Not everyone has walked over the Pulaski bridge, which functions as a link between Greenpoint, Brooklyn and Long Island City, Queens. The waterway below, Newtown Creek, is one of the most polluted in the country and is the inspiration behind Matthew Barney’s most recent cinematic production with Jonathan Bepler. The film, titled “River of Fundament” is a 5 hour and 52 minute journey floating between a loose narrative and loose stool. Commencing with a birdseye view over the waterway for those in the know, Barney’s studio is nearby will recognize the oil slick surface of the canal, Manhattan in all it’s aluminum glitter, prominent in the background. In an interpretation that could be considered a stretch, the film is like a digestive tract, long, varied and filled with both corrosive and beneficial bacteria. Part of such narrative revolves around the fictionalized wake of author Norman Mailer. We join the celebrity guests in the authors’ proposed home, whereas the artist himself first entered after emerging from a think sludge from the unidentified netherworld, or cellar, of the edifice. At this early stage of the film, it was obvious that all who are present in the theater were in for a treat as the quality, visual and audio, is really top-notch and on the larger than life screen at BAM, Barney, covered in mud, squashing through the hallway, left nothing to be desired. His presence and the film, offer an homage or continuation of the Cremaster Cycle (1994-2002), some of the characters making guest appearances at the wake.
From “The City Concealed, Newtown Creek Clean-Up Efforts”, PBS, WNET, 2008
Newtown Creek, the 3.5 mile-long waterway that separates Brooklyn and Queens, is one of the most polluted industrial sites in America. The creek water contains hundreds of years of discarded toxins, an estimated 30 million gallons of spilled oil, and raw sewage from New York City’s antiquated sewer system. To make matters worse, there is no current in the creek, and over the years the sludge has congealed into a 15-foot thick layer of “black mayonnaise” on the creekbed.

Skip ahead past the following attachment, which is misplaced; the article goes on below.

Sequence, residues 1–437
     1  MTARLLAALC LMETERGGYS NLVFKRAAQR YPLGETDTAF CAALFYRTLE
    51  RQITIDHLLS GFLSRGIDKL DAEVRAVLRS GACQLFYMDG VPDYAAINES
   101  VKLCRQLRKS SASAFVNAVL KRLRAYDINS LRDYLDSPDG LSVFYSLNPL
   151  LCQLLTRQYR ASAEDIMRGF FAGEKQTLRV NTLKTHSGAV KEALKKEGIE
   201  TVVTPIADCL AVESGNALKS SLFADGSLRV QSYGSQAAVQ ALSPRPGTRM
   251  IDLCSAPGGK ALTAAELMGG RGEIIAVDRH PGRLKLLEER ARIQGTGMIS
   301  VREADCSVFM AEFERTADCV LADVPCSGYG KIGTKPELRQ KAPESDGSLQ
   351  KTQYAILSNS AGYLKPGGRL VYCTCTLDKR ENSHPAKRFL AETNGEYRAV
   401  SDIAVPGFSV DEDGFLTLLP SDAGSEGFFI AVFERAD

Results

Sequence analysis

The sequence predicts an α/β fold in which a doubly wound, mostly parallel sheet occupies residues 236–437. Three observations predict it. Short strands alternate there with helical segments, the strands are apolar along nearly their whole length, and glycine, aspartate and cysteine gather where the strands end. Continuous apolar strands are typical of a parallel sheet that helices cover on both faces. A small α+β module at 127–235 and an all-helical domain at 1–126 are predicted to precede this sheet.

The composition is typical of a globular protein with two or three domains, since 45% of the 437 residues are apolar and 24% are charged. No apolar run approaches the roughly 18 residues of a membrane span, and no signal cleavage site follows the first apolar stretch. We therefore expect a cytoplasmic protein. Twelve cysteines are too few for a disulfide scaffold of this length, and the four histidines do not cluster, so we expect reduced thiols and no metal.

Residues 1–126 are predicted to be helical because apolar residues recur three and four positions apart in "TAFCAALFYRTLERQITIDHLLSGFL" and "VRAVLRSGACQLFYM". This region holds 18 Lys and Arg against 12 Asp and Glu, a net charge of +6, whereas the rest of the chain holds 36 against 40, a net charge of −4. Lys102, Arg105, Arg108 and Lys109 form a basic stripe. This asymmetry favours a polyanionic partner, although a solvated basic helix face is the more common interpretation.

Matthew Barney is an innovative thinker and art producer. He tends to look at the space around an object to arrive at what is most important, toying with positive and negative spacial interventions. Here, the film could fall within the family tree of Alejandro Jodorowsky’s “The Holy Mountain” from 1973, have a similar visual pace, transcendent chronology and color values. In “River of Fundament”, Norman Mailer’s Ancient Evenings (New York Times review from 1983) is redefined and reconfigured through the inner workings of the artist, resulting in a visual feat that is both as ancient as it is contemporary.
In his negative review of the novel, NYT’s journalist Benjamin DeMott states, “The opening, mythological frame of ”Ancient Evenings” gives way, in the third through the sixth of the book’s seven sections, to a social drama – a dinner party at the palace of Rameses IX (circa 1100 B.C.) marking a festival called the Night of the Pig; persons of faith are required by the gods to act lewdly and speak obscenely on the occasion.” Then continuing in reference to the novel’s translation of Egyptian mythology with a focus of Isis and Osiris, “Guests at the Pharoah’s party consist of the Pharaoh’s ”Overseer of the Cosmetic Box” and the Overseer’s family – his wife, 6-year old son and the 6-year-old’s great-grandfather. The speaker for most of the evening is Menenhetet, the great-grandfather: former general, harem-master, magician, priest, grave-robber and raconteur – an ancient who can recall events from the period of his service, under Rameses II, at the Battle of Kadesh nearly two centuries before. Menenhetet has been reincarnated three times; since he discourses knowledgeably in the book’s final chapter on Greek and Roman religious beliefs, his four lives appear to span roughly 1,000 years; it’s his account of his lives that speedily sinks the work.”